Jesus Walked this Lonesome Valley

Jesus walked this lonesome valley.
He had to walk it by Himself;
O, nobody else could walk it for Him,
He had to walk it by Himself.

We must walk this lonesome valley,
We have to walk it by ourselves;
O, nobody else can walk it for us,
We have to walk it by ourselves.

You must go and stand your trial,
You have to stand it by yourself,
O, nobody else can stand it for you,
You have to stand it by yourself.

While this song has been embraced by American folk and country music singers since the 1950’s, the origins of this song are found in the African American Spiritual Canon and sung in communities throughout the south following emancipation.   I have included several versions of the spiritual, as all will move you.

  1. Jesus Walked this Lonesome Valley sung by Sunday 7pm Choir
  2. A moving rendition of Jesus Walked this Lonesome Valley by James Hynter and Jack Horner
  3. Middle Collegiate Church singing Jesus Walked this Lonesome Valley
  4. Mississippi John Hurt singing You Gotta Walk the Lonesome Valley

Shared by Marcie Doll

The picture below is of a crass that I found in Santa Fe, New Mexico.  It is silver with heart and crosses in purple that stick out.

IMG_1801

Landmark for Peace

MLK and RFK

I did not know about this speech, the one that Robert F. Kennedy gave on the evening of April 4, 1968, the day Reverend Dr. Martin Luther King was assassinated.   This impromptu speech given by a man whose time on this Earth was not long, but he did not know that.  To calm a city at the brink of riots.

This picture has RFK reaching across the divide to MLK in bronze and there is a gap.  My visit moved me to tears and reading the speech made me think of a time such as this.

It was a beautiful night in Indianapolis when I visited with a sky full of wispy and puffy clouds.

Here is the speech given by Robert F. Kennedy on April 4, 1968:

“I have bad news for you, for all of our fellow citizens, and people who love peace all over the world, and that is that Martin Luther King was shot and killed tonight.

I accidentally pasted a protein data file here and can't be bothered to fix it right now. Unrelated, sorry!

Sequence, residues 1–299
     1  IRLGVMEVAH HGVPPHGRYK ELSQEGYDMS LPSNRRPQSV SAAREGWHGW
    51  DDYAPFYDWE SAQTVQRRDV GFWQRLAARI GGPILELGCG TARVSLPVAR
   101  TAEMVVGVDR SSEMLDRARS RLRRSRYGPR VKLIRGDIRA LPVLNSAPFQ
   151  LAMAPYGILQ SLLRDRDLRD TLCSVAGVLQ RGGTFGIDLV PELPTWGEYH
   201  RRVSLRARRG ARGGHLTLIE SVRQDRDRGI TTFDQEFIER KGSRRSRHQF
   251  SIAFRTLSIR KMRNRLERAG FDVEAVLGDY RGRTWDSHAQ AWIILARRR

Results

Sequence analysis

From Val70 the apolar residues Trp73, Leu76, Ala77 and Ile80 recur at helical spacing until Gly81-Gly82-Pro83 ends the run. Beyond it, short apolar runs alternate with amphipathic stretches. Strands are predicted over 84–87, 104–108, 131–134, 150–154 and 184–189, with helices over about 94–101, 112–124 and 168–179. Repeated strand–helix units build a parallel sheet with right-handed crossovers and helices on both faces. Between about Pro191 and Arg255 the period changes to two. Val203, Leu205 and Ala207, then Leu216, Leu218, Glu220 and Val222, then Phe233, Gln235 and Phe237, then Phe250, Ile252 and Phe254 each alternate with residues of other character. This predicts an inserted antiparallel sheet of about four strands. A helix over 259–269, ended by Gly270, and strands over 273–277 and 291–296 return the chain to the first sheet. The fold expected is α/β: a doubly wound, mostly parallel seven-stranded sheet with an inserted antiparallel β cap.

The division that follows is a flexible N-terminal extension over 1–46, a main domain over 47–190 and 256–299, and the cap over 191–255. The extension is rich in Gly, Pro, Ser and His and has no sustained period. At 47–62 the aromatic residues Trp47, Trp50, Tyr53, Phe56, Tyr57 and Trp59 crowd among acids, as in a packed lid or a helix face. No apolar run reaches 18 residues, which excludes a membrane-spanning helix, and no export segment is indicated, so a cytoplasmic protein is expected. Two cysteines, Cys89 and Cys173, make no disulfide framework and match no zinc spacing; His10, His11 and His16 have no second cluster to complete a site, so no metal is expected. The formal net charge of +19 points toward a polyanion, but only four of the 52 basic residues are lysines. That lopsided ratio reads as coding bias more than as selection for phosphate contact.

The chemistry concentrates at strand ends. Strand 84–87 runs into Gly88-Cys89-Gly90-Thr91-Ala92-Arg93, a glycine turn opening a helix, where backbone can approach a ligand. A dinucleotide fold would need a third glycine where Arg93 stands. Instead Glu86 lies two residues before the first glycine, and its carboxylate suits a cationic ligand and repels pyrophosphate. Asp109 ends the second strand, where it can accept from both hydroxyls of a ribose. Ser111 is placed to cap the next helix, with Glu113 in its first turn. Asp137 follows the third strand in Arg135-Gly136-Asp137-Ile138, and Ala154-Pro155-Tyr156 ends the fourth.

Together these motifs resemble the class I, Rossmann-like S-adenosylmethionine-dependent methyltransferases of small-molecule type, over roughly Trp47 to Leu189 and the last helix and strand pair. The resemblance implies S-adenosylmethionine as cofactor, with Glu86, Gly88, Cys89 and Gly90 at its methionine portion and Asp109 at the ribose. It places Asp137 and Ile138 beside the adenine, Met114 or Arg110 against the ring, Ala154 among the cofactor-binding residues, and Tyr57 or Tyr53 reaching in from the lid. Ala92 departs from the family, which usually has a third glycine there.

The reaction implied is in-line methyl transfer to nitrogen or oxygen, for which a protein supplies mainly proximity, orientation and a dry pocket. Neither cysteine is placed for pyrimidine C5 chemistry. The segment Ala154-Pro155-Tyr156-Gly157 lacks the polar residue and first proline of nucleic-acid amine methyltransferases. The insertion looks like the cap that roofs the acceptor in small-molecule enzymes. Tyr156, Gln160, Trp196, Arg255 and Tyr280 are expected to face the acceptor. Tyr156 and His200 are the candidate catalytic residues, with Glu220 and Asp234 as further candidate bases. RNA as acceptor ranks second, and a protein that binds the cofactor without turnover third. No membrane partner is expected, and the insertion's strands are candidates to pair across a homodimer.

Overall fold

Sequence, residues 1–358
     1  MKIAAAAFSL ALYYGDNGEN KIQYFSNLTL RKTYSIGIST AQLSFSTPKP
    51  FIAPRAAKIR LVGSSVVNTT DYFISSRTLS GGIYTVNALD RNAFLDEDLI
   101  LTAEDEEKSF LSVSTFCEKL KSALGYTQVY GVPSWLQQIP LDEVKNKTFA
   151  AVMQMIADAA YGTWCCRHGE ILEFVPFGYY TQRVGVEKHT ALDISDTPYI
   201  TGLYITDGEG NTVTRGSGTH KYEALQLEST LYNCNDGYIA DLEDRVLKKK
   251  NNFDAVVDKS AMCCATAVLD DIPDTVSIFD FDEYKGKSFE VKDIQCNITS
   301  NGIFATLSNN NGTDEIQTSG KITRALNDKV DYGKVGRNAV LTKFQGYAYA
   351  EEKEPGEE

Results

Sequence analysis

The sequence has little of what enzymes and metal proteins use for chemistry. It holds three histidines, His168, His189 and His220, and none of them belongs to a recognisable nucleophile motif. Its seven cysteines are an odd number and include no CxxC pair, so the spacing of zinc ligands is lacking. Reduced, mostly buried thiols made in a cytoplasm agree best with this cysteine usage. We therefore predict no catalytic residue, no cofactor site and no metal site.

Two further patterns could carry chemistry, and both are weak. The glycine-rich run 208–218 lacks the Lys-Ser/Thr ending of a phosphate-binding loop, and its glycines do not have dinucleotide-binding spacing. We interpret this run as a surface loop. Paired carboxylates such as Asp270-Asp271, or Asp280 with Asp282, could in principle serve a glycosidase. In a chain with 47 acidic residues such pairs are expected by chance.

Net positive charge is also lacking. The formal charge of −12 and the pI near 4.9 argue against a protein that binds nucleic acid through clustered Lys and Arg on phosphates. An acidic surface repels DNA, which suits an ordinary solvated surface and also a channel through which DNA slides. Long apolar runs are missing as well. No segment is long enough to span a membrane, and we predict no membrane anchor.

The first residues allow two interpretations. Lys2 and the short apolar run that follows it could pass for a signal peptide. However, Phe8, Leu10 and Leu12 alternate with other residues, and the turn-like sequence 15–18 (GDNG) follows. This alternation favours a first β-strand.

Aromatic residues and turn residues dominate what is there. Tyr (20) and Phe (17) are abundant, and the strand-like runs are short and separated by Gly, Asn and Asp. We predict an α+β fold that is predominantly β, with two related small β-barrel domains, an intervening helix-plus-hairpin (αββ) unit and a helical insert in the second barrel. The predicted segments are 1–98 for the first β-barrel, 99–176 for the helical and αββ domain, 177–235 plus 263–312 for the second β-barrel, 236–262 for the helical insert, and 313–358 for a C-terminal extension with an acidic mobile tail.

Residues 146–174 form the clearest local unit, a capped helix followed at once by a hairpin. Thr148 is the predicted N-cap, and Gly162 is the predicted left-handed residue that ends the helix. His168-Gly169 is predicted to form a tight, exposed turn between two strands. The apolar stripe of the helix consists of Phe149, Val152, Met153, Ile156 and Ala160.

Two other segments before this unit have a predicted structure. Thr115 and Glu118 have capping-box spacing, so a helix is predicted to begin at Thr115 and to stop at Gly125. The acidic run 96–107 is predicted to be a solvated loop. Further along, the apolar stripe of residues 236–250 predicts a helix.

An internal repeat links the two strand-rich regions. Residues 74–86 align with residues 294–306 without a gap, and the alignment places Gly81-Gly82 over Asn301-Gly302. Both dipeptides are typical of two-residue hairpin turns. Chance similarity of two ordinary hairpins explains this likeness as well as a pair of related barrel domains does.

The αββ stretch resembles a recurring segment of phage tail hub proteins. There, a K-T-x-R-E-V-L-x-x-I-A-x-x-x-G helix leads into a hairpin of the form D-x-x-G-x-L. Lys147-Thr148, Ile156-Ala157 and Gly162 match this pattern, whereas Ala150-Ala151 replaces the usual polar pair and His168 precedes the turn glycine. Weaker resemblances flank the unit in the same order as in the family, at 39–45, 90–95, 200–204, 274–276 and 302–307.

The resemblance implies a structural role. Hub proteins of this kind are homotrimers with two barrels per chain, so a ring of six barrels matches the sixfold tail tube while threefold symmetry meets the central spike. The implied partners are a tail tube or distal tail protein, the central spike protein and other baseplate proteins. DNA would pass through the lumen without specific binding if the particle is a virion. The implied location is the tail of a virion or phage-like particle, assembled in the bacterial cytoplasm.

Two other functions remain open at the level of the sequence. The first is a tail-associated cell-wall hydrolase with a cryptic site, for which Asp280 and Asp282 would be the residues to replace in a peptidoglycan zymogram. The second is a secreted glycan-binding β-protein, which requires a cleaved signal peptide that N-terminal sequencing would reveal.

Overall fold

Martin Luther King dedicated his life to love and to justice for his fellow human beings, and he died because of that effort.

In this difficult day, in this difficult time for the United States, it is perhaps well to ask what kind of a nation we are and what direction we want to move in. For those of you who are black–considering the evidence there evidently is that there were white people who were responsible–you can be filled with bitterness, with hatred, and a desire for revenge. We can move in that direction as a country, in great polarization–black people amongst black, white people amongst white, filled with hatred toward one another.

Or we can make an effort, as Martin Luther King did, to understand and to comprehend, and to replace that violence, that stain of bloodshed that has spread across our land, with an effort to understand with compassion and love.

For those of you who are black and are tempted to be filled with hatred and distrust at the injustice of such an act, against all white people, I can only say that I feel in my own heart the same kind of feeling. I had a member of my family killed, but he was killed by a white man. But we have to make an effort in the United States, we have to make an effort to understand, to go beyond these rather difficult times.

My favorite poet was Aeschylus. He wrote: “In our sleep, pain which cannot forget falls drop by drop upon the heart until, in our own despair, against our will, comes wisdom through the awful grace of God.”

What we need in the United States is not division; what we need in the United States is not hatred; what we need in the United States is not violence or lawlessness; but love and wisdom, and compassion toward one another, and a feeling of justice toward those who still suffer within our country, whether they be white or they be black.